Compared to most popular databases, Google Firestore is very minimalistic.

A very important feature that it lacks, is that of unique constraints (unique indexes). This feature is particularly important when we are building a system that allows users to pick a username. If we don’t enforce uniqueness we could end with two users with the same username, which is not what we want.

Using Document ID and transactions

If we are able to use the username as the user id, then things are a little easier. We can follow these steps to create a new user (wrapped in a transaction):

  • Get user by ID (username)
  • If it exists, user is taken, return an error
  • If it doesn’t exist, add it

Before we proceed with this solution, there are a few things that are important to know about transactions in firestore:

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Running Google Firestore locally

In a previous article, we started playing with Google Firestore. In this article we are going to learn how we can test our applications without the need to talk to Google Cloud.

Note that the local version of Google Firestore is intended for testing only and shouldn’t be used for production systems. It doesn’t provide the reliability or scalability features that the real Firestore does.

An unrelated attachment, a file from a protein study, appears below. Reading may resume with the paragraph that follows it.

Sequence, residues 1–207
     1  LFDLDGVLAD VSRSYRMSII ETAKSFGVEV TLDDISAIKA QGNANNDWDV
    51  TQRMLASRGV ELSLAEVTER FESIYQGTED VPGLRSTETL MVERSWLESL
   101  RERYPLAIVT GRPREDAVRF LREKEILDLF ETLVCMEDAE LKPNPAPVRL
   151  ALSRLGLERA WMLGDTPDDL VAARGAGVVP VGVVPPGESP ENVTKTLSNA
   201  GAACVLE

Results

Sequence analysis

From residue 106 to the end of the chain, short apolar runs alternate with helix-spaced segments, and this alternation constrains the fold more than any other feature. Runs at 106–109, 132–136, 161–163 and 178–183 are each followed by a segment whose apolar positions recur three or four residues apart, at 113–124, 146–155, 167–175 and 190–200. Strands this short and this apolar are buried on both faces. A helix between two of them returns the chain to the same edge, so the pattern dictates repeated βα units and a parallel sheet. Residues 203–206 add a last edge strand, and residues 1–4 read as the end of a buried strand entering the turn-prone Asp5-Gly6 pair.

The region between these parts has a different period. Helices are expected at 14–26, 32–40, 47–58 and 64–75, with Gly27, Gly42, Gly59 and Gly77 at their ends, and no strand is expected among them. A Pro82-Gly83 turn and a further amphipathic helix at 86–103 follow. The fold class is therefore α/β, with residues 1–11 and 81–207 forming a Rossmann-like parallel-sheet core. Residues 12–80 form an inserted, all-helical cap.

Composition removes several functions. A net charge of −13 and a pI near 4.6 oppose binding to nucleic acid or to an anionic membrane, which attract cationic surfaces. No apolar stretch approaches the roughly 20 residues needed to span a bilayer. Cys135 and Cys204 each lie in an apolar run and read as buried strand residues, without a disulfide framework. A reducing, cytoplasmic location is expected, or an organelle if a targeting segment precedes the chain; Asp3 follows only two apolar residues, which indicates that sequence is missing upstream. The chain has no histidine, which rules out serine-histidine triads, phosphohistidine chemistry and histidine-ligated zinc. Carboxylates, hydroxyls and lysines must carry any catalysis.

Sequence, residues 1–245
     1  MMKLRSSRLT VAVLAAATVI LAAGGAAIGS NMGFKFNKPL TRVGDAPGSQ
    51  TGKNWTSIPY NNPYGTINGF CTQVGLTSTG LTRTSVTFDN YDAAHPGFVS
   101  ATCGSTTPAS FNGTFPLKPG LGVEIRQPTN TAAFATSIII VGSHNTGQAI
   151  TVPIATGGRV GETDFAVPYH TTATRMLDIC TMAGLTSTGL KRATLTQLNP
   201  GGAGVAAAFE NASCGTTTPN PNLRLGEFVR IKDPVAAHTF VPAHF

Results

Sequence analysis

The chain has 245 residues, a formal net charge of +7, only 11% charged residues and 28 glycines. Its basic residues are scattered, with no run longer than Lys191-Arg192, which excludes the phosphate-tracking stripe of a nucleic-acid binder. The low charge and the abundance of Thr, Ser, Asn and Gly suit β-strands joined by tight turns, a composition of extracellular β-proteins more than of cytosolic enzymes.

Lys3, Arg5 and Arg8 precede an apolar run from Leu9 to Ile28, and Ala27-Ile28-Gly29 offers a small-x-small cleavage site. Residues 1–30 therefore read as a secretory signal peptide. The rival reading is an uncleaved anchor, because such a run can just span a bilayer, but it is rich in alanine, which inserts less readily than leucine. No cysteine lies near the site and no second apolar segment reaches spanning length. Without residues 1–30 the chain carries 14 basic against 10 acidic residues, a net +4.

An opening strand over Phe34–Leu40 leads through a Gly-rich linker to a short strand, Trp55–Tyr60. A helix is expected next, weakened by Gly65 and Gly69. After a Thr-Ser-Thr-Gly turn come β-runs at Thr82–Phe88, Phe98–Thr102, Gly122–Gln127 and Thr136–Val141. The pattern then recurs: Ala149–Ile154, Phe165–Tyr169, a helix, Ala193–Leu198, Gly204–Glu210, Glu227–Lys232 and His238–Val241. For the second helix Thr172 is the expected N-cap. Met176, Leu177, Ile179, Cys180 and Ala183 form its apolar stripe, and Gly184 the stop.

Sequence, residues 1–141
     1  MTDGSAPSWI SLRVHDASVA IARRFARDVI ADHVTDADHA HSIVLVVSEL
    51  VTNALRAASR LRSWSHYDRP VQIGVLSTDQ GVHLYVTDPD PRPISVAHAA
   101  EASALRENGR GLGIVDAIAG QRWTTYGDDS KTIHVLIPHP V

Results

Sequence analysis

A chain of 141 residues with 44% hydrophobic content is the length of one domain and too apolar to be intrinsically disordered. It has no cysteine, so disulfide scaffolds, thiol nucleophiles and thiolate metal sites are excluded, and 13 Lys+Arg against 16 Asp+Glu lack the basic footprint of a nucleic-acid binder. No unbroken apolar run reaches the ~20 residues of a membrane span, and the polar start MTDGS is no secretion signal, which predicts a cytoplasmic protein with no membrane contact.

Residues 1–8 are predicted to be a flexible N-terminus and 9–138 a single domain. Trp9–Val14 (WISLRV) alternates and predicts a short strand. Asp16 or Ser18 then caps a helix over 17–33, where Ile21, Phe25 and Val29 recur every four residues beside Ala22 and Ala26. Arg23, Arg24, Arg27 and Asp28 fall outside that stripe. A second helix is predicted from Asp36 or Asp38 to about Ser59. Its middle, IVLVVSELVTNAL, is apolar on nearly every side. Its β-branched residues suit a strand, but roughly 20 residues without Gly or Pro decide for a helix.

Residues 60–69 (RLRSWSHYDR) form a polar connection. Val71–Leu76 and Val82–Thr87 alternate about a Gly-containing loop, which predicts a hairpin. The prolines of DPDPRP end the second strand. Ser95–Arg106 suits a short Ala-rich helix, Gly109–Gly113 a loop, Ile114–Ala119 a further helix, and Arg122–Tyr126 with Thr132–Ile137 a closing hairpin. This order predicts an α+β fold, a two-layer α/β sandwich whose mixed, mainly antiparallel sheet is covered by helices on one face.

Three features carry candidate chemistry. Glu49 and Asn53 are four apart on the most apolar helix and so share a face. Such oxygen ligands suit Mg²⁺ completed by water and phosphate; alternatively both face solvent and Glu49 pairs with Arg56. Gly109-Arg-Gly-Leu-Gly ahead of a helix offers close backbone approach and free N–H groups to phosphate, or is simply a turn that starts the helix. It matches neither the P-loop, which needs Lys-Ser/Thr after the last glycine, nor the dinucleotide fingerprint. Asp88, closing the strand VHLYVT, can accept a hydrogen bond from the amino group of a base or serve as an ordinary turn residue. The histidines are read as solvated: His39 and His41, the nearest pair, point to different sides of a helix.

Firebase emulator suite

Google provides this suite to help developers test applications without having to use production data or incur cost. The suite doesn’t only emulate the database, but also cloud functions and real-time functionality, to name a couple. In this article we’re only going to focus on the Firestore database.

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Introduction to Google Firestore

Firestore is Google’s serverless document database offering.

What does serverless mean?

Serverless means that we don’t have to worry about managing the servers on which the database runs. All the management is done automatically by Google. The database will scale up or down depending on the demand.

What’s a document database?

A document database is a non-relational database that stores data in a semi-structured format. A common format used by many document databases is JSON.

In a relational database, we usually create tables with a defined structure (columns and types). In a document database, it’s not necessary to specify the different columns.

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Identity and Access Management (IAM) with Google Cloud

In this post we’re going to learn how to use Google Cloud IAM (Identity and Access Management) to limit who can manage resources in a Google Cloud account.

If you are interested in AWS IAM, you can check my Identity and Access Management with AWS article.


  • Member - An entity that needs to perform an action on a resource. An end user or a service are examples of members
  • Identity - Another name for Member
  • Resource - A resource is pretty much anything that can be managed in GCP. A compute engine instance or a cloud storage bucket are examples of resources
  • Permission - Allows or denys access to resources. For example: create a storage bucket
  • Role - A collection of permissions. Roles can be granted to members
  • Policy - Defines who (member) can perform which actions (permissions) on which resources